Apr 29, 2019 at 8:25 pm

    A club pro told me his biggest frustration with new players is their lack of etiquette.

    Most likely due to never being taught rather than some character flaw.

    • Joey5Picks

      Apr 30, 2019 at 4:20 pm

      True. Just like anything, if you’re not taught the nuances, how are you supposed to know. Basics like
      -where to stand (not behind a player on an extension of their line)
      -first to hole out should get the flagstick
      -don’t step on a player’s through-line on the putting green
      -They’re bunkers, not “sandtraps”
      -you play golf. You don’t “golf” or “go golfing”

      • Hunter

        Apr 30, 2019 at 7:49 pm

        That last point is so elitist its ridiculous, you absolutely go golfing.

      • scott

        May 1, 2019 at 4:05 pm

        Yikes. I get the flag stick, standing in the right spot, and not walking on people’s line, but “sand traps” or going golfing, Jeeze, take it easy. With that attitude I am sure that you do not have any problems with etiquette, because you are probably playing alone.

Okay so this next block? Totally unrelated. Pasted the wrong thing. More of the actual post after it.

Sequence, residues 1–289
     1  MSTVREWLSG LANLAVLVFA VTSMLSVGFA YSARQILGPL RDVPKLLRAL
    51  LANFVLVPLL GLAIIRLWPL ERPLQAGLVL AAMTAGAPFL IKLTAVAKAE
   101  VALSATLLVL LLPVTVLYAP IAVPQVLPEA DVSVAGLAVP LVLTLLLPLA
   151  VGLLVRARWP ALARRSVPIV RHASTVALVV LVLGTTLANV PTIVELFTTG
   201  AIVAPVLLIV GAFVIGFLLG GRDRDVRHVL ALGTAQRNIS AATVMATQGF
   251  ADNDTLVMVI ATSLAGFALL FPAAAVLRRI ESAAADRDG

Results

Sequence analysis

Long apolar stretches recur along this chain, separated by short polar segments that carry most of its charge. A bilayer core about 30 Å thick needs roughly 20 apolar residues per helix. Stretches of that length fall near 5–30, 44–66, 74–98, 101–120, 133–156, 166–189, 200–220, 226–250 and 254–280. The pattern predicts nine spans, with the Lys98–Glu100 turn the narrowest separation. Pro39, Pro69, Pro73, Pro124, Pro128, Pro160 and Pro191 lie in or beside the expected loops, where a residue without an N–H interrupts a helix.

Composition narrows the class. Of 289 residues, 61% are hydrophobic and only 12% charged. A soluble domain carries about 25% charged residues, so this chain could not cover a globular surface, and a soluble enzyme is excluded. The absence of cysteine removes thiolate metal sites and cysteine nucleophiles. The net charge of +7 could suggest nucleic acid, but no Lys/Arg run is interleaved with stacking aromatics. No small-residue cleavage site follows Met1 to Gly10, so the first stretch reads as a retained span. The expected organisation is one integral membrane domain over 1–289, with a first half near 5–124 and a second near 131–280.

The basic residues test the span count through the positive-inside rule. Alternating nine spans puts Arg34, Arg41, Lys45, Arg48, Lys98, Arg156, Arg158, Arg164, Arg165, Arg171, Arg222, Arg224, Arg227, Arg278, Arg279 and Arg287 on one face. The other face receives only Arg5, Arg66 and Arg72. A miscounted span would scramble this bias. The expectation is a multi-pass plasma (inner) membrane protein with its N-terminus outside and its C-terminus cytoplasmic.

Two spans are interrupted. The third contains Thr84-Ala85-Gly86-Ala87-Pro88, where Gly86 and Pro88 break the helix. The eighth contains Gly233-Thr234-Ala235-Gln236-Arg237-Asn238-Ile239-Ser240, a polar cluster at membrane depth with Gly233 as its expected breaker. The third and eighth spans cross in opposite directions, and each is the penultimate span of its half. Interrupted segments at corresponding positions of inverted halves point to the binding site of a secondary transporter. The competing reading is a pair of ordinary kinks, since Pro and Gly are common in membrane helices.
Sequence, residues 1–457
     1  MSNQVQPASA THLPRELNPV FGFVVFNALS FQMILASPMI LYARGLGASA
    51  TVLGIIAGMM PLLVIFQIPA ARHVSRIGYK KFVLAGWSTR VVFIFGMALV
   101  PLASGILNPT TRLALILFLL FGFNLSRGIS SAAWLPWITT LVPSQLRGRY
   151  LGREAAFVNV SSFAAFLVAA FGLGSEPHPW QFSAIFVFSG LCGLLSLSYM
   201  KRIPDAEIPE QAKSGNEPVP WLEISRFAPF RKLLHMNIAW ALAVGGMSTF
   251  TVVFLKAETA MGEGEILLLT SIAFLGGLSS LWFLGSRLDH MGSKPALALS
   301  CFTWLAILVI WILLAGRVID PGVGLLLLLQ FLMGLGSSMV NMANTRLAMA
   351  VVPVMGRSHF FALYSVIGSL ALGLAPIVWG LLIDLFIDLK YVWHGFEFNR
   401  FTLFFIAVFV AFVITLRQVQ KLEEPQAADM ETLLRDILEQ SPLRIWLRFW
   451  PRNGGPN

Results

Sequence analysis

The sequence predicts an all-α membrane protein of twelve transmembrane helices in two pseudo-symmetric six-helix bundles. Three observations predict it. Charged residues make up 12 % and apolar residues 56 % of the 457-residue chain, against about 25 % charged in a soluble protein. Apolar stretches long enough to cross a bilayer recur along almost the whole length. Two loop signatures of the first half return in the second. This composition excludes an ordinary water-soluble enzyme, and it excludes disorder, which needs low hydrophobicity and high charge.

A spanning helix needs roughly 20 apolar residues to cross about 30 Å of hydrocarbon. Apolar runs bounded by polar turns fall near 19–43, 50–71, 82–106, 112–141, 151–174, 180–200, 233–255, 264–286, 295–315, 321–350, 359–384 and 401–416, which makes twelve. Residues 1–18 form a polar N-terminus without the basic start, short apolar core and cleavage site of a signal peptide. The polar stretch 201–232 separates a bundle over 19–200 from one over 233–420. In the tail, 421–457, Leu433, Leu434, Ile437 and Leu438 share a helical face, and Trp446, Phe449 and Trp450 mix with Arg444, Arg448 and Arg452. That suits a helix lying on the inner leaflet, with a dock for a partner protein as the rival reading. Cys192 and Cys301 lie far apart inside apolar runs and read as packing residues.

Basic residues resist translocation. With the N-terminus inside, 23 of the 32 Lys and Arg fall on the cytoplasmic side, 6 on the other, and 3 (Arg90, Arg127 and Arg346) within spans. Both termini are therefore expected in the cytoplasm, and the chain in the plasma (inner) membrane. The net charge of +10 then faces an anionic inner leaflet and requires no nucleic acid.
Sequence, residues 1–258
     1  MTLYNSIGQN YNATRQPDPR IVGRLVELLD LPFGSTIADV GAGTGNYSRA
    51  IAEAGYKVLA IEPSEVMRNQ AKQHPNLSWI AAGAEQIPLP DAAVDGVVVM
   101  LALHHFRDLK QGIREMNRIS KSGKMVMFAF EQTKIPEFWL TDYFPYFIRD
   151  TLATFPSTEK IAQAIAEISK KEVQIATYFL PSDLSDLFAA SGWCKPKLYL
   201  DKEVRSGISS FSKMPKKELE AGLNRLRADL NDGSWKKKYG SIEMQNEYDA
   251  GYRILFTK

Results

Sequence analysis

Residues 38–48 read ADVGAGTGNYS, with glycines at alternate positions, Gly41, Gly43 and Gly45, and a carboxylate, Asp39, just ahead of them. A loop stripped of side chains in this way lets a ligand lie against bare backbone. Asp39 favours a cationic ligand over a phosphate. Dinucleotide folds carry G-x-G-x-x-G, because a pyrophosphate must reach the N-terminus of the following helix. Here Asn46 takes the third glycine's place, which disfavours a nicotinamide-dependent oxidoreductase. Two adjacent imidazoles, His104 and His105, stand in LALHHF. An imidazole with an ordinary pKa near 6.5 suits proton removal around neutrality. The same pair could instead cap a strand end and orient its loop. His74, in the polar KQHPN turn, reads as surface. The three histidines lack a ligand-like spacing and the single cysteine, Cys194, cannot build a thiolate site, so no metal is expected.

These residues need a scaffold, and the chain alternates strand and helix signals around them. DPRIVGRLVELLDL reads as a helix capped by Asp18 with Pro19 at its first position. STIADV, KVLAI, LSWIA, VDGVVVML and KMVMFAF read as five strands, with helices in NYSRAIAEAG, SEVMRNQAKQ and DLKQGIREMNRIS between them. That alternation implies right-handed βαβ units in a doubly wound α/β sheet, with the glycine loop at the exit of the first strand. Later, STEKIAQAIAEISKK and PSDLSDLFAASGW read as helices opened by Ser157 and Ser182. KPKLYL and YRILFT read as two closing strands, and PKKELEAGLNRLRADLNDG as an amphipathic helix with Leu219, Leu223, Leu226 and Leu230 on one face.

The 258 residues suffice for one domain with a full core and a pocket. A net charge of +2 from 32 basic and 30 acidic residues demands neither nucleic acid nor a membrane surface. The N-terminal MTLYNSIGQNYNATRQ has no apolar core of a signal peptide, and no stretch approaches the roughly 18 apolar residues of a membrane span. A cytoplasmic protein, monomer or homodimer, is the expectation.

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Opinion & Analysis

A day at the CP Women’s Open



It’s another beautiful summer day in August. Just like any other pro-am at a professional tour event, amateurs are nervously warming up on the driving range and on the putting green next to their pros. As they make their way to the opening tees, they pose for their pictures, hear their names called, and watch their marque player stripe one down the fairway. But instead of walking up 50 yards to the “am tees,” they get to tee it up from where the pros play—because this is different: this is the LPGA Tour!

I’m just going to get right to it, if you haven’t been to an LPGA Tour event you NEED to GO! I’ve been to a lot of golf events as both a spectator and as media member, and I can say an LPGA Tour event is probably the most fun you can have watching professional golf.

The CP Women’s Open is one of the biggest non-majors in women’s golf. 96 of the top 100 players in the world are in the field, and attendance numbers for this stop on the schedule are some of the highest on tour. The 2019 edition it is being held at exclusive Magna Golf Club in Aurora, Ontario, which is about an hour north of downtown Toronto and designed by noted Canadian architect Doug Carrick. The defending Champion is none other than 21-year-old Canadian phenom Brooke Henderson, who won in emotional fashion last year.